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Black pregnant business woman suffering backache at modern office

As you’re preparing for maternity leave, you may be wondering when it’s best to stop working.

Several factors impact that decision, including your medical needs, financial situation and personal preferences.

Some expecting moms want to work as long as possible while other moms have a set date for when to start their leave even if baby hasn’t arrived yet.

The right choice for you depends entirely on what you and your family need.

 

When and How to Share Your Pregnancy in the Workplace

The general rule of thumb is to wait to share your news until after the first trimester, but different situations and factors might affect that timeline.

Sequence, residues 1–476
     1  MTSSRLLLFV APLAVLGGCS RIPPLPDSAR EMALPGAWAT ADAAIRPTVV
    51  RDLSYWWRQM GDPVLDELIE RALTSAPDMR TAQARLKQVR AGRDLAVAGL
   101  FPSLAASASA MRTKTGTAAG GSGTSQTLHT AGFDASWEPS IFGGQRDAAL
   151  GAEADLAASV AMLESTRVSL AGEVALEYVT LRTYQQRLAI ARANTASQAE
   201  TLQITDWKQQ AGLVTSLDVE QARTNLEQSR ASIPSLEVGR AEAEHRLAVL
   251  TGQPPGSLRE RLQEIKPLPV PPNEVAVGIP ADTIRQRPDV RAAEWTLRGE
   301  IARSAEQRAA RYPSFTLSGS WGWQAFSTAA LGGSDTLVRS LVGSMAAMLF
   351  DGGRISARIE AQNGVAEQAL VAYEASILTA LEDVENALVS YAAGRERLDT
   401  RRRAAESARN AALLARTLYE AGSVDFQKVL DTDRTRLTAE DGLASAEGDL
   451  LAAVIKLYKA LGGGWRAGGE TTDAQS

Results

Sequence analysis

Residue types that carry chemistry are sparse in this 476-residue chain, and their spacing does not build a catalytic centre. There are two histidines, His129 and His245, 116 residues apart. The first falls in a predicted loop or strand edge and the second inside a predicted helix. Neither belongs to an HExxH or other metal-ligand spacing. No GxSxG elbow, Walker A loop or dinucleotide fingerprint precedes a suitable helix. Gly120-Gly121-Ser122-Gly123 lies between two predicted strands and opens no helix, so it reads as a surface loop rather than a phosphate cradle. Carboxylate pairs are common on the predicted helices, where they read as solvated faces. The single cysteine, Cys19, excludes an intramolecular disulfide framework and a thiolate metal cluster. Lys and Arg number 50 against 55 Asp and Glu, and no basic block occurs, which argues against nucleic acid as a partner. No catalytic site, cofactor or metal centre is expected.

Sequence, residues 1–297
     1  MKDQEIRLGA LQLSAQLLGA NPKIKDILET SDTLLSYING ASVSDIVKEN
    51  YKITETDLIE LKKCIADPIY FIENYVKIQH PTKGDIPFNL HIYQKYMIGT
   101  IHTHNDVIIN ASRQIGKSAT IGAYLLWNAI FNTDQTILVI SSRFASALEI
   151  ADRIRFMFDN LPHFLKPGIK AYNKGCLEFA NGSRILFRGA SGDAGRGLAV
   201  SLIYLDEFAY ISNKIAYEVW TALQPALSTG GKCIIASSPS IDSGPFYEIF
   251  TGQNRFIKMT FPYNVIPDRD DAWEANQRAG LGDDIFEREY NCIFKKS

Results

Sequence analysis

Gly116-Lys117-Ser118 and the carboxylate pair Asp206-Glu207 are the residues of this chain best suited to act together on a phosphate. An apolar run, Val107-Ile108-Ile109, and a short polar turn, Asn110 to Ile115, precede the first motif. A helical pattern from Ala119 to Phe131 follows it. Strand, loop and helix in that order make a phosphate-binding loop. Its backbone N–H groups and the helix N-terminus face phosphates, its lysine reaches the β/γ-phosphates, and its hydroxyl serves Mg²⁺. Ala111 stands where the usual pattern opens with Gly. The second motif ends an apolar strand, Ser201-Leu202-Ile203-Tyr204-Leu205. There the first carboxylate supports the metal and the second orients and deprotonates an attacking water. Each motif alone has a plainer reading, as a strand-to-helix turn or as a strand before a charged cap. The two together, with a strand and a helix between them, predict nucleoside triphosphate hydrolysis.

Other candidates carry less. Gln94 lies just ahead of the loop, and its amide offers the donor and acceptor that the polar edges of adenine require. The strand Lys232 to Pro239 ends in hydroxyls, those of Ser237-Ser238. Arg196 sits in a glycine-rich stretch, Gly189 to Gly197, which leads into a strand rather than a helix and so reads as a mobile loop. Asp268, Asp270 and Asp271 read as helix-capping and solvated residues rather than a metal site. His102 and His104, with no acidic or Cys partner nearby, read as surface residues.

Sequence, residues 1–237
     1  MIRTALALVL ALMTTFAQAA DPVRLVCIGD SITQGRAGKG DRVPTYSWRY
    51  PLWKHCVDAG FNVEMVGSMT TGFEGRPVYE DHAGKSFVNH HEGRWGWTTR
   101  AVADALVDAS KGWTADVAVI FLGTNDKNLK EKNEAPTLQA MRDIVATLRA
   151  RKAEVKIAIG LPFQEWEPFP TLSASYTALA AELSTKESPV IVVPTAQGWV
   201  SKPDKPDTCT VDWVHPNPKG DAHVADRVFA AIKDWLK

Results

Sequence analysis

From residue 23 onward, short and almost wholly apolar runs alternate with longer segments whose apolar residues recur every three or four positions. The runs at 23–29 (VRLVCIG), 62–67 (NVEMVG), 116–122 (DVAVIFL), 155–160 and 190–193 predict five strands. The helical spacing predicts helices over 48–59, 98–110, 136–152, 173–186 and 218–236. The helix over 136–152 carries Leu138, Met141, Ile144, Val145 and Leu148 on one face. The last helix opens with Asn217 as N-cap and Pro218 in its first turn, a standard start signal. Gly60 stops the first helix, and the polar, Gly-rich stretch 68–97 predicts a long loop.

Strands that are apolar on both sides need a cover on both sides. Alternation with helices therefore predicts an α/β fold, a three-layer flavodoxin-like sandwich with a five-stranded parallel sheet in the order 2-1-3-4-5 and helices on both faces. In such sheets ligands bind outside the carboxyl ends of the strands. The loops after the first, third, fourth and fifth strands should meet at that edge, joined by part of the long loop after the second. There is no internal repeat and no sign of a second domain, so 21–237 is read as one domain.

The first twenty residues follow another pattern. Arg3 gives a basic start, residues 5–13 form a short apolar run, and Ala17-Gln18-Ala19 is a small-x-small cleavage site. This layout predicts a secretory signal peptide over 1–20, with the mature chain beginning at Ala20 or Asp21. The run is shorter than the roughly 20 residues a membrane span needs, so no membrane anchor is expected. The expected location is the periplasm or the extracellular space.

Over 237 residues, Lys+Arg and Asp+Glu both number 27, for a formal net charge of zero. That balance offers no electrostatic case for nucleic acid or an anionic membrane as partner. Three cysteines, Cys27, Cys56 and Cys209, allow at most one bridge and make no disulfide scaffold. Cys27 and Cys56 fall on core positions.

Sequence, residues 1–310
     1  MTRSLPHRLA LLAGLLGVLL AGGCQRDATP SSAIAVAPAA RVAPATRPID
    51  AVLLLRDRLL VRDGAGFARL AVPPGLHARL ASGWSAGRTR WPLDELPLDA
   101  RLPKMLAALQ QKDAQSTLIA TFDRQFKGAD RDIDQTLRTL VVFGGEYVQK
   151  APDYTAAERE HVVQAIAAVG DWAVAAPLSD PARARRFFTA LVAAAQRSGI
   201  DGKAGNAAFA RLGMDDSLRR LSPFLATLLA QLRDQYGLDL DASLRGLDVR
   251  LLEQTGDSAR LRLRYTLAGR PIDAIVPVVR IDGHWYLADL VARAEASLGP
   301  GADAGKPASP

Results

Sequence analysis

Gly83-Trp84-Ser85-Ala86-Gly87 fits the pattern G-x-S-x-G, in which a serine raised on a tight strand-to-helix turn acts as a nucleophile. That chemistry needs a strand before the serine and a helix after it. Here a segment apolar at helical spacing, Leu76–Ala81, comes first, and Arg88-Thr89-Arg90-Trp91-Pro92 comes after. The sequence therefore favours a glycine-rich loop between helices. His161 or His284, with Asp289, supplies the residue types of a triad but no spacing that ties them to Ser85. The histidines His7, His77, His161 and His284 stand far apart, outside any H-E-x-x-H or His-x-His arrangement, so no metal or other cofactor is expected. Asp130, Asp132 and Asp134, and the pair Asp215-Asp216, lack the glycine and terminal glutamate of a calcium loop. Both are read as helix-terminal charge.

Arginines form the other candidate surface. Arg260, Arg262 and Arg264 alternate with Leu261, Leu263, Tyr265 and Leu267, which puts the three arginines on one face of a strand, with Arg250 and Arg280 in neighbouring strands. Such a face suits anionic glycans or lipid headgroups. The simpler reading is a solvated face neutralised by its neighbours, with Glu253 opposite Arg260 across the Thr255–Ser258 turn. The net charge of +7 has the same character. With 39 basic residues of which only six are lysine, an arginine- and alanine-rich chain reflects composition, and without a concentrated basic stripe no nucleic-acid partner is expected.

You may want to make your announcement sooner if:

  • Your job involves heavy lifting
  • You’re exposed to chemicals or other hazards at work
  • You’re feeling particularly sick
  • You’re experiencing complications that require frequent doctor’s visits or lots of rest

However, you might consider waiting if:

  • You have a promotion or performance review on the horizon and you’re worried the news might impact that
  • You’re concerned about how your boss might react

Keep in mind that if you’ve already told your coworkers, word might spread. Your boss would rather hear the news from you directly than your colleagues or social media.